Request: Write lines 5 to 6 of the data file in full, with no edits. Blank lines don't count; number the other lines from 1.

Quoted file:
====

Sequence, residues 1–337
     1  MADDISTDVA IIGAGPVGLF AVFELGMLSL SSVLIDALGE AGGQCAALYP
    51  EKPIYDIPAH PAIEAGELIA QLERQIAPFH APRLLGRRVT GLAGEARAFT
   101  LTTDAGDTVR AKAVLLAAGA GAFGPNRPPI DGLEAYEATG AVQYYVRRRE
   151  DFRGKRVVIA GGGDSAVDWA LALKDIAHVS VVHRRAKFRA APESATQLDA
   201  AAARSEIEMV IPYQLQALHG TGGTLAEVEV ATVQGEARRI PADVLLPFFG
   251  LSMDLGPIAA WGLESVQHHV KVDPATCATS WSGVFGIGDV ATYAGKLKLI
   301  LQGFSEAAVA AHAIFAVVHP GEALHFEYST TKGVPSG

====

   151  DFRGKRVVIA GGGDSAVDWA LALKDIAHVS VVHRRAKFRA APESATQLDA
   201  AAARSEIEMV IPYQLQALHG TGGTLAEVEV ATVQGEARRI PADVLLPFFG